The failure to invite the personal representatives of the deceased tenant would not automatically invalidate the RTM process but the Respondent had failed to file any evidence to show that no prejudice was caused and therefore the application was dismissed.

Set-off: manager under 1987 Act

Maunder Taylor v Blaquiere
[2002] EWCA Civ 1633

The tenants were not allowed to set off, against a managers claim for service charges, a claim for damages for breaches of the landlords repairing covenants. The manager is not appointed as a manager of the landlord. He is appointed by the LVT. There is therefore no mutuality between the claim and that of the defendant. Set-off is not therefore possible.
    "[T]he purpose of Part II of the 1987 Act is to provide a scheme for the appointment of a manager who will carry out the functions required by the court. That manager carries out those functions in his own right as a court-appointed official. He is not appointed as the manager of the landlord, or even of the landlord's obligations under the lease... [T]he manager acts in a capacity independent of the landlord... In my view, Mr. Maunder Taylor's right to the money claimed arose from his appointment [as manager], not from the lease. It follows that there was no mutuality between his claim and that of Mr. Blaquiere [the tenant]. That being so, set-off is not possible." (Aldous LJ, paras 41 and 42).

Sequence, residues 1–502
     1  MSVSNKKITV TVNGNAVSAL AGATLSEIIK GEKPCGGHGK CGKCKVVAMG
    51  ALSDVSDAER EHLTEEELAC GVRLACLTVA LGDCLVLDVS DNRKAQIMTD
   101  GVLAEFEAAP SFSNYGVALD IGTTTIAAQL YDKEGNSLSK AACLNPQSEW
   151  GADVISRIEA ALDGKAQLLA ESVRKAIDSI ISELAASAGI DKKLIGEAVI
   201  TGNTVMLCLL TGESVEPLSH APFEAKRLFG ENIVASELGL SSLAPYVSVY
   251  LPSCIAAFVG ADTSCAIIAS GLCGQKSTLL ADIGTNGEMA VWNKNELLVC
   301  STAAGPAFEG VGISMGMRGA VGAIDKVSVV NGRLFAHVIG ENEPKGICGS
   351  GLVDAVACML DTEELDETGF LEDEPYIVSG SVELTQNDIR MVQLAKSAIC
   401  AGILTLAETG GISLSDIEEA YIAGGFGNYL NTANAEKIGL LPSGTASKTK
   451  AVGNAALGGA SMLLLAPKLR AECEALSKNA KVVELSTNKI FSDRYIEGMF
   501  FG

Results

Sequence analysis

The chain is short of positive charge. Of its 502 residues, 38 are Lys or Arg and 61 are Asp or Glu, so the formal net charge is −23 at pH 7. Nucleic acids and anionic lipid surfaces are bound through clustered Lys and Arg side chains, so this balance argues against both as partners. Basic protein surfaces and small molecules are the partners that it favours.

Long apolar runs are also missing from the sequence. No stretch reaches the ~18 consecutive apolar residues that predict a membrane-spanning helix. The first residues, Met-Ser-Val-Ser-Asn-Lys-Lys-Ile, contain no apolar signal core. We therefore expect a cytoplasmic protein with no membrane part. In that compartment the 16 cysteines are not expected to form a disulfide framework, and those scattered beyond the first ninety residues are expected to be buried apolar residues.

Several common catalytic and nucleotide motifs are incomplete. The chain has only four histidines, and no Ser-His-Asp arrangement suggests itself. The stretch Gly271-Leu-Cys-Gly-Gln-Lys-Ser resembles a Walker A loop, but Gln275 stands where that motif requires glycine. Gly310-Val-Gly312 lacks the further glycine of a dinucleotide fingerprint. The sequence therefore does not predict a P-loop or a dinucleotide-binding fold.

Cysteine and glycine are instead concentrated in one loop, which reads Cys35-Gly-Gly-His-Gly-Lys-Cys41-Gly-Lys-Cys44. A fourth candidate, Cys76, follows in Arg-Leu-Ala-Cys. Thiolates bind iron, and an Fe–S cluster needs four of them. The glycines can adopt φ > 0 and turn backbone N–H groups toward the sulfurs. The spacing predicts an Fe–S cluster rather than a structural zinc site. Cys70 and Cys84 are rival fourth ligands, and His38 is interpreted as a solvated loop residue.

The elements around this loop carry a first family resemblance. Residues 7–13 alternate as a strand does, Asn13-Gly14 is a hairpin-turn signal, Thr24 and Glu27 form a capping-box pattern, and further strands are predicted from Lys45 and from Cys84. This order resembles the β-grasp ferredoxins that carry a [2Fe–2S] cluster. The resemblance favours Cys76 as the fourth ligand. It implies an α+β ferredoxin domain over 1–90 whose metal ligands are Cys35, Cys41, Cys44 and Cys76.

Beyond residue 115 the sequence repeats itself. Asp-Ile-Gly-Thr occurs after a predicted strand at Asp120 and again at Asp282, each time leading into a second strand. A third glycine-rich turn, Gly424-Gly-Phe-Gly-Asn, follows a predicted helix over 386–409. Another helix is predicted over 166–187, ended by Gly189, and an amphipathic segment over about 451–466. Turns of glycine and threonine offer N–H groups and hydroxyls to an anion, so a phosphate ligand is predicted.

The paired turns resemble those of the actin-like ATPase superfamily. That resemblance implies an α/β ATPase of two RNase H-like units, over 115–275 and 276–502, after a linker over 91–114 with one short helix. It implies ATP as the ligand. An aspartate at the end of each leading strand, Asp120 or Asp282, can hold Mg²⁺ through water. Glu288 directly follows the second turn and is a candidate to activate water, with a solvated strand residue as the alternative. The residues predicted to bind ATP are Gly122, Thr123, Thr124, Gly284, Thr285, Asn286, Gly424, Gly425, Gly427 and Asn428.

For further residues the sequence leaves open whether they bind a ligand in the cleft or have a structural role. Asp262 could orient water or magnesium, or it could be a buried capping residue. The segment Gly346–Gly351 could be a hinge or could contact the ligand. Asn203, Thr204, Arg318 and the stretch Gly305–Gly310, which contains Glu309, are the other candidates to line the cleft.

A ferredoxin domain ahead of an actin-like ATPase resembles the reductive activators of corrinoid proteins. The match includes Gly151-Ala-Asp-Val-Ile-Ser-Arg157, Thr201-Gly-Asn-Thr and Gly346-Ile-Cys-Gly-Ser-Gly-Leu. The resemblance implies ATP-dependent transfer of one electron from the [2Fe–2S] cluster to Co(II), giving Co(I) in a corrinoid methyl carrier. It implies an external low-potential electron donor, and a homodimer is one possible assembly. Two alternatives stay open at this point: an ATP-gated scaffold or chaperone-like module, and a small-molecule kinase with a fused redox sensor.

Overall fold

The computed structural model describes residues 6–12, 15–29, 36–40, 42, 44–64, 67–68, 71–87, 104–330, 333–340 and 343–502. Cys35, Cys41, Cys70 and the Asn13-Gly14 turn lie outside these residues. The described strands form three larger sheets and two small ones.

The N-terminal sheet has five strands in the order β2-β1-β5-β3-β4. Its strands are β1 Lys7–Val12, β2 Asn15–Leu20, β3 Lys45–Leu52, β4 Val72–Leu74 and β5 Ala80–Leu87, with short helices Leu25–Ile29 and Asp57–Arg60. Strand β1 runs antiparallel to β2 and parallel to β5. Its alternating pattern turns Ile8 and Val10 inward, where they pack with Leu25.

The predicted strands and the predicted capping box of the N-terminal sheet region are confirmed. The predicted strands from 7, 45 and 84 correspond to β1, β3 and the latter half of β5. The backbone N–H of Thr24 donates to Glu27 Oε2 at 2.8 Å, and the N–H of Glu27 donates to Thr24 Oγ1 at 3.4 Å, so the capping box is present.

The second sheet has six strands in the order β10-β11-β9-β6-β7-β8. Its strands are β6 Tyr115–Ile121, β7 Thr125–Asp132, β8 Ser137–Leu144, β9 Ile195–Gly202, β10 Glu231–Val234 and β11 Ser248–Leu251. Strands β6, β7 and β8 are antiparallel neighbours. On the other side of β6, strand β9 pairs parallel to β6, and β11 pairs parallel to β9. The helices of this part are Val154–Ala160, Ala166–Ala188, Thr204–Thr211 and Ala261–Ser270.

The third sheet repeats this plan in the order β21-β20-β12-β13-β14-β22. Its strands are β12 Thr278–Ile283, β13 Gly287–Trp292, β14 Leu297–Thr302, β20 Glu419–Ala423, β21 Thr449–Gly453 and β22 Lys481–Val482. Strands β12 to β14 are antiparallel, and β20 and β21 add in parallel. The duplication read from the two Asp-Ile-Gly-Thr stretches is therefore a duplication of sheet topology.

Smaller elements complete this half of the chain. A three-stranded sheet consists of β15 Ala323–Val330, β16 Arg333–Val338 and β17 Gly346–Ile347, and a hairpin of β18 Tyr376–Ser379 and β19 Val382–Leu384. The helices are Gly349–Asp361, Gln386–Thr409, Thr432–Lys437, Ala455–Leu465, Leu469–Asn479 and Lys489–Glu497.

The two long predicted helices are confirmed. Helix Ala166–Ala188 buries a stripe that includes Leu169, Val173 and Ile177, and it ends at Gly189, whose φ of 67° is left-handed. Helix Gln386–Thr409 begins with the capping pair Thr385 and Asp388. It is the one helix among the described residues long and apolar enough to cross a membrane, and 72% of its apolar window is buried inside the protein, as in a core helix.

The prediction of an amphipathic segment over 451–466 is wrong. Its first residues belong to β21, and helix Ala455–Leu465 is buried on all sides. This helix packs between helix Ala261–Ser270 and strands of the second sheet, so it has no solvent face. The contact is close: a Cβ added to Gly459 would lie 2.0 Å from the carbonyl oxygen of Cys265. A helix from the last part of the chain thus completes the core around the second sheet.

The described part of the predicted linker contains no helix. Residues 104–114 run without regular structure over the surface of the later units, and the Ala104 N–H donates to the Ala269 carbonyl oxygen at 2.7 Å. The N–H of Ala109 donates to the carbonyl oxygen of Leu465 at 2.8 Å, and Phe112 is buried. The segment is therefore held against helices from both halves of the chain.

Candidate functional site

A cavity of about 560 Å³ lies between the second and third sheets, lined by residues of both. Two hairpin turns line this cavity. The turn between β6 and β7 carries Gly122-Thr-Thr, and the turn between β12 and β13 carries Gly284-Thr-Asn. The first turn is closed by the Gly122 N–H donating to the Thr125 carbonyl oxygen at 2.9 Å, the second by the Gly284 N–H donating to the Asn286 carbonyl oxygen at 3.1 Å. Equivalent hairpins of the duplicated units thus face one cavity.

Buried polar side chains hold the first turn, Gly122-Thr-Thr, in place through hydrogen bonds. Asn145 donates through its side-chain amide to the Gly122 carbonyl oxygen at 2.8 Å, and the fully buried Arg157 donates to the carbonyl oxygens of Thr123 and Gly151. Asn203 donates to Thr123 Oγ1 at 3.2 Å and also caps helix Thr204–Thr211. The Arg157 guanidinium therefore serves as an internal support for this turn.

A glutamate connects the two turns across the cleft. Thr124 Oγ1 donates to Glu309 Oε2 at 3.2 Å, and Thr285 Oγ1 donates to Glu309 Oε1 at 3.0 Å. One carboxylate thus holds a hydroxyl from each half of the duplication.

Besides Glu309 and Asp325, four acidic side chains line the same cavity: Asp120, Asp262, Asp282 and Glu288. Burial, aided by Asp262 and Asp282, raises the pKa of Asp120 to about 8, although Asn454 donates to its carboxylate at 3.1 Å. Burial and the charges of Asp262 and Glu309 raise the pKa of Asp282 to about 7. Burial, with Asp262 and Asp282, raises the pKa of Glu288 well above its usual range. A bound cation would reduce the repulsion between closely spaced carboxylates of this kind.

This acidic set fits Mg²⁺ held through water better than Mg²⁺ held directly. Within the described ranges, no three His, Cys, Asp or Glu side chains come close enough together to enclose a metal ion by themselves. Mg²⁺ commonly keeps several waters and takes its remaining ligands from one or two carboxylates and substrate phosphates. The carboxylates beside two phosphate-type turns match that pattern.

"It is clear to my mind that parliament intended that a manager should, when appointed pursuant to section 24(1) of the 1987 Act, come in with a clean sheet and be able to collect service charges due from the tenants and use the money so obtained for repair of the premises. It would make a nonsense of the legislation if any or all of the tenants could set off, against that claim for service charges, claims that they might have against the landlord. Most tenants would have such claims. Some of those claims will have accrued before the appointment of their manager; other claims may be for continuing breaches, and thus continue to accrue after the manager's appointment." (Longmore LJ, para 50).

Variation - 1987 Act manager

Orchard Court Residents Association v St. Anthonys Homes Ltd
[2003] EWHC 1049 (Admin); [2003] 33 EG 64

When considering whether or not to vary an order for the appointment of a manager under section 24 of the Landlord and Tenant Act 1987 (in this case by extending the term of the order) the Leasehold Valuation Tribunal does not have to reconsider the various factors in s24(2) which lead to the appointment in the first place.